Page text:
Should workers then not form or join unions? This is hardly what is being argued. It is vital for workers to protect themselves–but of course this protective function should be such that it does not legitimate the power of employers as a class. Furthermore, unions that rely on the organizational strength of their members rather than mainly on the power of the government or the state to enforce the protective function are superior.

At the macro level, modern unions often function to legitimate the class of employers, thereby serving a legitimating function for that class. At the micro level, however, they do serve as organizations of resistance (provided that they are indeed independent organizations at the micro level) (page 355):

What labour militancy does seem to provide, however, is a reduction in the rate of exploitation as measured by the extraction of surplus-value. Thus, surplus-value is inversely correlated to strikes and lock-outs)even when post-USSR states are omitted. There is no direct relationship, however, between policing employment and strikes and lock-outs. This suggests that while strikes and lock-outs may not directly threaten capitalist relations as measured by the necessity to employ more police and security, such work interruptions do have a statistically significant impact in reducing rates of exploitation. As Marxian political economy would indicate, the data also suggest unions are adept at checking exploitation by pushing for more favourable wage and hourly conditions but this does not translate into any direct threat to the established order of security as indicated by more policing.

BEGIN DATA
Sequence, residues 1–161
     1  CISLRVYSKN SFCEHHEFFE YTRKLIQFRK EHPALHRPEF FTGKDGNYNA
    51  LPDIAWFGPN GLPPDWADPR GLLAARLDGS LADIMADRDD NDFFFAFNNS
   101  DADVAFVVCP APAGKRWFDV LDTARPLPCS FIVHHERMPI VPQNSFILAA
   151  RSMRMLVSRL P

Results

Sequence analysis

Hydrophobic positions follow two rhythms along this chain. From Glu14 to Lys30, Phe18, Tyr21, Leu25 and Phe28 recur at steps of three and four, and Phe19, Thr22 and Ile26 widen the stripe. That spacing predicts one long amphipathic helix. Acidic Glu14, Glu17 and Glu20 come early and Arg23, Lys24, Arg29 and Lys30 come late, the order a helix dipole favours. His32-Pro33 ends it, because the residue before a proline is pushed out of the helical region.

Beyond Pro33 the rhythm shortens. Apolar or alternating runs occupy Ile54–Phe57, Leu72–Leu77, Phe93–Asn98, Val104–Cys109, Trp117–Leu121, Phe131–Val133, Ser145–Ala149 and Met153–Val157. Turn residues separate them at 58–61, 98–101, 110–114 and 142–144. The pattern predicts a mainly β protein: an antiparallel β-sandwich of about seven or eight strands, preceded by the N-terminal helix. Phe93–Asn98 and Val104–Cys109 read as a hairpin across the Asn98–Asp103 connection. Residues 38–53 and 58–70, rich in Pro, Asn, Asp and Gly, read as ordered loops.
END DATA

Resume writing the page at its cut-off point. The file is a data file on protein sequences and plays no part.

In other words, unions are contradictory. On the one hand, they function to legitimate the power of the class of employers (even if that is not their intention), but simultaneously they function to limit the exploitation of workers.

Another way in which the legitimating function of unions can be seen is when mass movements that clash with the police arise. Unions often are aloof from such movements, or even engage in conservative attacks on such movements. For example, in France (page 358):

The 2006 youth protests occurred throughout the country as an opposition to the new labour law (First Employment Contract) whose goal was to reduce high youth unemployment through giving more flexibility to employers. In other words, the bill was to make it easier for employers to fire young workers without any compensation. Consequently, the youth responded to this bill by demonstrating on the streets, occupying universities, and blocking university activities including strikes. The insistence of youth in their opposition to the First Employment Contract eventually brought them support from unions. But why did the trade-unions not resist such a bill in the first place? How would the unions have acted had the youth not challenged the First Employment Contract? The unions’ (overly) cautious attitude in responding to issues concerning the labour market and the vested rights of workers is one of the most overt examples of their “policing” role in society. Perhaps the low employment and unionization rates among Parisien youth made them unrestrained by union membership, necessitating massive police intervention. …